Newsom’s Homeless Task Force Shuts Out Private Charities, Non-Profits
California’s homeless crisis continues to wage out of control on the streets of San Francisco, Los Angeles, Sacramento, and communities across the state.
State and local politicians have given lots of lip service about “taking action” to solve the problem. Not surprisingly, their vision for addressing the problem only involves government.
Lawmakers, for example, are pushing a proposal to require community colleges to house homeless people at night at their on-campus parking lots. Of the legislation, PRI’s Kerry Jackson recently said in a recent national TV interview that, “you’re going to have to improve security, you’re going to have to improve lighting on campus, and you’re inviting some issues there that are not too savory.”
Gov. Newsom has touted what he calls a “historic $1 billion investment in the fight against homelessness” in his recently signed-state budget. This is government’s typical response – just throw money at a problem and expect it to be solved.
Newsom has also created a new taskforce of “regional leaders and statewide experts” who will advise his administration on “the statewide homelessness epidemic.” Sacramento can certainly use all the ideas it can get as the status quo is failing our homeless population and taxpayers alike.
But scroll through the press release announcing the task force members and you’ll see the commissioners have one thing in common – they all represent a government-only approach to addressing California’s homeless crisis.
He named 7 mayors, councilmembers, and county supervisors to the panel, along with representatives of the county welfare directors and county behavioral health directors associations, 2 former state and federal government bureaucrats, and representatives of 2 organizations that advocate for more government spending and more government social service and welfare programs.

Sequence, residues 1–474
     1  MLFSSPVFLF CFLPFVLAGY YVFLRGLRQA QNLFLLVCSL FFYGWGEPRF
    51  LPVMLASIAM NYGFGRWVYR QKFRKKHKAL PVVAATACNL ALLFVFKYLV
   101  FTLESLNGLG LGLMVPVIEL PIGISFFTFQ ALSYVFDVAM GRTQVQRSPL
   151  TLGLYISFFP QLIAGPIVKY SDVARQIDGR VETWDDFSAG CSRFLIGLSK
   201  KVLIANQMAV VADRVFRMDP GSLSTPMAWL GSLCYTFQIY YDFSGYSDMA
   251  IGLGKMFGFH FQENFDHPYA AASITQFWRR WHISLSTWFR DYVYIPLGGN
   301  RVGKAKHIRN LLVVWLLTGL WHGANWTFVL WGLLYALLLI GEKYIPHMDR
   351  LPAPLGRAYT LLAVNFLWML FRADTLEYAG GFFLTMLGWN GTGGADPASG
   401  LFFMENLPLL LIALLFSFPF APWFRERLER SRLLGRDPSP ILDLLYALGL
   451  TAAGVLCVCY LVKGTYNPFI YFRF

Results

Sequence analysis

Most interestingly, Newsom named Sacramento Mayor Darrell Steinberg as co-chair of the task force. His was an interesting selection given Sacramento’s growing homeless problem that has increased exponentially under his watch.
Walk through the streets of midtown Sacramento past PRI’s offices, and you’ll see foul smells, unstable addicts lurking around frightening passers-by, and growing incidents of crime. Just last week, I observed multiple broken windows and a trail of blood at two of our office neighbors as I walked to work. Steinberg clearly has a lot to learn about the issue – and not much to offer in the way of realistic proposals or solutions.
Newsom also named Los Angeles County Supervisor Mark Ridley-Thomas as the commission’s other co-chair. Ridley-Thomas represents the epicenter a typhus epidemic earlier this year triggered by the city’s out-of-control homeless problem.
What’s missing from the task force – and the thinking of Newsom and most state and local politicians on homelessness – are private charities and non-profits.
In their recent brief on San Francisco’s homeless crisis, PRI’s Kerry Jackson and Wayne Winegarden profiled several non-profits and private charities across the country that are making a difference in addressing the individual needs of the homeless.
“By embracing private charities and non-profits, using tax dollars more effectively, and lifting the barriers to affordable home construction, San Francisco can make real progress in getting the city’s homeless on the path to self-sufficiency and a permanent home,” said Winegarden.
Last year in his brief on poverty in California, Kerry Jackson profiled several non-profits, private charities, and public private partnerships – such as Father Joe’s Villages in San Diego, Solutions for Change in Vista, and Saint John’s Program for Real Change in Sacramento – that are transforming people’s lives every day.
If Newsom’s task force is be anything more than a photo op, he would be wise to give a seat at the table to representatives from these and other private charities and non-profits that are making a difference every day in getting people off the street and helping them get on the path to self-sufficiency.
Tim Anaya is the Pacific Research Institute’s communications director.